It certainly should be smooth because you weren't connected to any server! :) In other words, there was no networking occurring. Furthermore, client-side prediction means that even when connected, your own movement should seem totally smooth unless there are significant hiccups in the connection prompting the sever to force a re-sync of the player's position. The real test, then, is whether other players' movements seems smooth (especially because although they are interpolated on the server, they are extrapolated on the client). Unfortunately, until I add bots, there will be no way to see that without other players connected. My intent behind including the link was (besides the shameless plug) to show you a kind of movement mechanics that can work OK via less-than-ideal WebSockets (albeit five per player), at least according to my limited, small-scale testing. Inertia and acceleration help mitigate latency; that's how SubSpace was able support servers of 50 players on dial-up connections with RTTs of 200-400ms twenty years ago. But if you want players to instantaneously change their velocity (i.e. your gameplay centers on reflexes), then you probably need optimal networking conditions.

I'm breaking a lot of rules (e.g. using TCP and using a virtual private server), so it'll be interesting to see just how well this game does or doesn't function on a larger scale. Certainly, I'm assuming that players will have reasonably stable connections to a sever in their general region (so no mobile players?).

Quote

I read in your post that you were planning on letting browser clients connect via websockets but native desktop via UDP. Would that mean desktop clients will always have an advantage in terms of latency over browser clients?

I'm not quite sure how much, if at all, round-trip-time will be affected. The development of the UDP client is behind the development of the WebSocket client, so currently it's very hard to test them together. I fully expect UDP players to have less issues with lag between them and the server (because of no head-of-line blocking and because of faster re-transmission of lost packets), but it remains to be seen whether this will translate to any real advantage in-game because they are also, to some extent, at the mercy of the other players' connections.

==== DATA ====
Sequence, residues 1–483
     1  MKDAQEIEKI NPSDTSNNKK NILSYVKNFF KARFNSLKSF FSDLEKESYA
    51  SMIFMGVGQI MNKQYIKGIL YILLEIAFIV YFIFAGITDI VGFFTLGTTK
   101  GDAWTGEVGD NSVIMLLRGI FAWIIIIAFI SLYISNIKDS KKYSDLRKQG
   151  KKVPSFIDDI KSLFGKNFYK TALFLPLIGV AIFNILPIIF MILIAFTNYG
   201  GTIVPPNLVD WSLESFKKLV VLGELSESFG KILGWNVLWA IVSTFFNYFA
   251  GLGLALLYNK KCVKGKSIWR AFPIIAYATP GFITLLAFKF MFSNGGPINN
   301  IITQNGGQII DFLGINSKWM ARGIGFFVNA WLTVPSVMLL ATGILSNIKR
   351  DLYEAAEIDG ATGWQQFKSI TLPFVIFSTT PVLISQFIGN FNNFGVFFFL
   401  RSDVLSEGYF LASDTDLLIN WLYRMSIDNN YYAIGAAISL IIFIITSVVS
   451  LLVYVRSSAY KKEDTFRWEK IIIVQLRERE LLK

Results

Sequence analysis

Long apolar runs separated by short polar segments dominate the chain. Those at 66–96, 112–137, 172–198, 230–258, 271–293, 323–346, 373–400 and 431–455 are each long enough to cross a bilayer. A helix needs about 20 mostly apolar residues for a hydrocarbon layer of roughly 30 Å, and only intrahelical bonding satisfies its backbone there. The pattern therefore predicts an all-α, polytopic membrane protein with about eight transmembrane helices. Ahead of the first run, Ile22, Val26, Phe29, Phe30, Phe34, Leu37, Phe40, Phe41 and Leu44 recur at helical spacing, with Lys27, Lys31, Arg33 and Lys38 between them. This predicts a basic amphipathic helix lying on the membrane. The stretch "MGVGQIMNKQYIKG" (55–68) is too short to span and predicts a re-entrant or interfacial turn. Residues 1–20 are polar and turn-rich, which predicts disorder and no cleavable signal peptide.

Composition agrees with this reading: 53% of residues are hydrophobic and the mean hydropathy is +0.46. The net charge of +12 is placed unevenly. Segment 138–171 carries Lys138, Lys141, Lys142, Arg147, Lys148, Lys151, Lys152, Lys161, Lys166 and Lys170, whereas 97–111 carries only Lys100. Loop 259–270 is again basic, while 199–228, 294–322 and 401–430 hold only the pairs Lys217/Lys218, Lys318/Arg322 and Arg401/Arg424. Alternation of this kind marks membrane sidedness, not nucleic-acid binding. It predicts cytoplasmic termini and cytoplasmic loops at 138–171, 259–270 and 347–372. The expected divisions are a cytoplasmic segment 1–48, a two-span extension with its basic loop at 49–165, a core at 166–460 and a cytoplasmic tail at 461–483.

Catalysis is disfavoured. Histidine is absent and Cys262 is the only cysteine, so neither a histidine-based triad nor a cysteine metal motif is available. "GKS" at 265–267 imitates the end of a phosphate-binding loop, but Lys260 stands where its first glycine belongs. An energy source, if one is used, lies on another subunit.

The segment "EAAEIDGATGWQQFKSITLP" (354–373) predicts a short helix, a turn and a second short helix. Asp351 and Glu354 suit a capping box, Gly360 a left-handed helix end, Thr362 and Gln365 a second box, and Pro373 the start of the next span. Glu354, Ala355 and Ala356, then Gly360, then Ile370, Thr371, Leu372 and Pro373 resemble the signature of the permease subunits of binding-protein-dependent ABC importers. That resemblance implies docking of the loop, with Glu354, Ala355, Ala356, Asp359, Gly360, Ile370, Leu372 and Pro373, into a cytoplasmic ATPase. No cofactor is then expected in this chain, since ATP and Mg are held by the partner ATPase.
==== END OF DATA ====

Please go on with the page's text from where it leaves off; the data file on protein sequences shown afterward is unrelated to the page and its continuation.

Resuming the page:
As I mentioned in the other thread, the game does support UDP-only servers because if it became popular, I can envisage a demand for them. Whoever runs a sever can select what types of connections to allow.

The obvious advantage will be had by a player hosting a non-dedicated server, who will be the only one seeing the true positions of other players. I'm not too worried about this as it could be an incentive for players to go to the trouble of hosting their own games.

Of course, for a true UDP experience in the browser, there's always WebRTC. I experimented with it before beginning with WebSockets, but I thought there were some obstacles that are relatively insurmountable for a lowly hobbyist, namely NAT-traversal and the need to run your own TURN servers, the difficulty of integrating WebRTC with C++, and the general lack of support, documentation, and communal experience. WebRTC seems like completely uncharted territory - I'm not aware of any game currently supporting it, but I'm sure other people know more than I do.

Edited by jack_1313

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Another thought to add: There is a fairly serious FPS around at the moment that uses or was using TCP. It's called Ironsight. I haven't followed it, but I saw that people were complaining about the TCP and that the developers made an (unsuccessful?) effort to switch to UDP. It's probably be worth looking into if your interested in exploring the feasibility of TCP in shooter.

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There are no hard and fast "rules" so you can't really be "breaking the rules" 🙂

However, there are hard-won "best practices" that, 99 times out of 100, end up giving the best experience to players.

You don't have to follow the best practices -- it entirely depends on what your most important goals are. Turn based game on UDP? Fighting game on TCP? RPG on top of video streaming? Whatever works best for YOUR GAME should be what you use. Your game has gameplay, and simulation, and graphics, but also a target platform, operating cost, and community/player base, which are just as important.

It does help to understand what the failure modes are for the different kinds of transport, so that you can define your simulation/gameplay to work well under the particular specifics of your chosen implementation. Tp me, that's what this thread is about: "If I want to do an FPS on TCP, what should I think about?" It's not about saying "all FPS-es on TCP are doomed from the start" 🙂

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On 2/19/2019 at 3:36 AM, frob said:

The retransmission timeout (also called RTO) is initially 3 seconds, then 6 seconds, then 12 seconds. That is, if you don't hear an acknowledgement after 3 seconds the data is retransmitted, then again after 6 more seconds (about 9 seconds total), then again after 12 seconds (about 21 total) then wait about 12 more seconds (about 33 seconds total) before declaring the connection dead. 

Are you sure that is the case for WebSockets? I haven't found any sources to confirm it, and it doesn't quite line up with my own experiments/observations.